Of all of the movies that I found, there are an overwhelming number of romantic comedies.  When I think fantasy, I think Game of Thrones, the Dragonriders of Pern, Xanth, Tasslehoff Burrfoot and many other series.  It surprised me that love, true love, also has a fantasy aspect to it.  Maybe it’s because finding your true love has turned out to be one of those ultimate myths like unicorns or white wizards.  Maybe it’s because in order to find true love, you need a little supernatural push.  Maybe I’m just being overly analytical and love itself is a kind of magic.  (At this point, I’m sure you could be singing “Magic” by The Cars, “Power of Love” by Huey Lewis and the News or any number of pop love songs and convince yourself that love is magic because the bards say so.)  No matter what the reason, there are more love stories than adventures in my list.  If I read the other author’s lists and see more adventures, well, then I will assume that I’m a hopeless romantic.  If they have romances as well, I’ll breathe a sigh of relief and think that my brain is not love sick, just good at finding magic in the everyday where relationships, not dragons, need to be shot out of the sky with large weapons.  Wait…oh, never mind, on to the list.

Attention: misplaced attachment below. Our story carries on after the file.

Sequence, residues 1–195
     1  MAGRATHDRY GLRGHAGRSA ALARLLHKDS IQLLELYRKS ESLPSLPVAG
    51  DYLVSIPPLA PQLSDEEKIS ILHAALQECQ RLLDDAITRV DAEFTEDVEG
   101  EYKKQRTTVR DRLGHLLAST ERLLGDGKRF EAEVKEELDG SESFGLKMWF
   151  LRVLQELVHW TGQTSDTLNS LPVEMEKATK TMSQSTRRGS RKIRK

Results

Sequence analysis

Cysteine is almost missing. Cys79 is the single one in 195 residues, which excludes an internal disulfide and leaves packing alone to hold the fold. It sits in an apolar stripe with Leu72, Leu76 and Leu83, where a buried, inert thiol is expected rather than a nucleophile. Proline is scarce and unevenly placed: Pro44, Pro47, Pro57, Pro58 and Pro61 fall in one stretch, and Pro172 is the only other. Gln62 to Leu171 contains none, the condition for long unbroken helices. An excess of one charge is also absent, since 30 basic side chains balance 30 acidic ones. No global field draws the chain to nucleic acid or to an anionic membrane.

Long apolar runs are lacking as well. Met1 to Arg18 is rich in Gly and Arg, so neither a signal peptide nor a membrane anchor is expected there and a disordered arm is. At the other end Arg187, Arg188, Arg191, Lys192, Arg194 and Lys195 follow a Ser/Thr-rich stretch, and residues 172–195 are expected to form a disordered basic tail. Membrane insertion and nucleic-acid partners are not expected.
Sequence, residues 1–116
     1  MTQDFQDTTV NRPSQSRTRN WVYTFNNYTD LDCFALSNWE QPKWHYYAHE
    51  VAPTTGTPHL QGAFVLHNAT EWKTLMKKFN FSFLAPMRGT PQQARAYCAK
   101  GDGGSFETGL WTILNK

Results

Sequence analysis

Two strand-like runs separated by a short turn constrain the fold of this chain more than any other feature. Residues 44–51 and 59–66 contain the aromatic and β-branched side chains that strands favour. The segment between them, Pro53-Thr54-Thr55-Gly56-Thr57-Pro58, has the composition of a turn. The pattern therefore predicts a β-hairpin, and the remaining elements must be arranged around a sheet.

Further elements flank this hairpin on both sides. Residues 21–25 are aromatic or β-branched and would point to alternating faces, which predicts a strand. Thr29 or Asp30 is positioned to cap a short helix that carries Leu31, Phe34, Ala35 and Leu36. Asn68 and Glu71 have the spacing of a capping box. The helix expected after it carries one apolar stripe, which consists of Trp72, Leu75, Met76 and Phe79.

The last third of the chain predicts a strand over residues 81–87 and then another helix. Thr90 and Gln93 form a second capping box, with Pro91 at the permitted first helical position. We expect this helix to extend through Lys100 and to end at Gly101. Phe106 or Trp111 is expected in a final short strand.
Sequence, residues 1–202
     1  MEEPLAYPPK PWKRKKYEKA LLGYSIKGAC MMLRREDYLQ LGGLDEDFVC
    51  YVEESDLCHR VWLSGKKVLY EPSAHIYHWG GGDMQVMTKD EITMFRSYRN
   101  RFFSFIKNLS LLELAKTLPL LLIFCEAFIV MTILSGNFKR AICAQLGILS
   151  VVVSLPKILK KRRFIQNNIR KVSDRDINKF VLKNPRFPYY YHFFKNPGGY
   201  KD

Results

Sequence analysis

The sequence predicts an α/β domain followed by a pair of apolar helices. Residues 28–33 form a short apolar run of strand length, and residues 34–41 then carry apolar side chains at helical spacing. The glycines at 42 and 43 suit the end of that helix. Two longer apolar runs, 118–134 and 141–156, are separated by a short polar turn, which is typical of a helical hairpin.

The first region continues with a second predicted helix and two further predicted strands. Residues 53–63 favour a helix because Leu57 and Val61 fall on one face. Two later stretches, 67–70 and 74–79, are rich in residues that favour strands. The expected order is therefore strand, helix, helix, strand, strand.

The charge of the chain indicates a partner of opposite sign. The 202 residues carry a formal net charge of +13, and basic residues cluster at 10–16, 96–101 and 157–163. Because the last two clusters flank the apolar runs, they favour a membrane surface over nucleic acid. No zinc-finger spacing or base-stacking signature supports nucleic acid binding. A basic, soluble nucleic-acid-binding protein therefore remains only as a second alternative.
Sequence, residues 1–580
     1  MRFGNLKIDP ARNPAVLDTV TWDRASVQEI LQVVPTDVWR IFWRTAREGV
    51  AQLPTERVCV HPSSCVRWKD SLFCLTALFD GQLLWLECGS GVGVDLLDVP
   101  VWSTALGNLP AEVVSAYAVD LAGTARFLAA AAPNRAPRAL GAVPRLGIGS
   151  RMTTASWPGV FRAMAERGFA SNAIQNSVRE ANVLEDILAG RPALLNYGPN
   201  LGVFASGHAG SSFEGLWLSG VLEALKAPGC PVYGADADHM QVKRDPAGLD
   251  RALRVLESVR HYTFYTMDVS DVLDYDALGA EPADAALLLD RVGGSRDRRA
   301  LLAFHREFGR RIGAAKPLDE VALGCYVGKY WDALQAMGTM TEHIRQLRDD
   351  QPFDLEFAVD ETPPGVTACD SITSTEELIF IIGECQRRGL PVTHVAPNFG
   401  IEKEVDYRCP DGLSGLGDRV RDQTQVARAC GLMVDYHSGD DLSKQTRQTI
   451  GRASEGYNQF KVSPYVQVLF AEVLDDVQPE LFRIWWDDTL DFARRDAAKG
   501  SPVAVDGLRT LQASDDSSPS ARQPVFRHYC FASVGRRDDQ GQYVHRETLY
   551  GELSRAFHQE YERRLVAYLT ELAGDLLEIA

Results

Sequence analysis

10.  Hawk the Slayer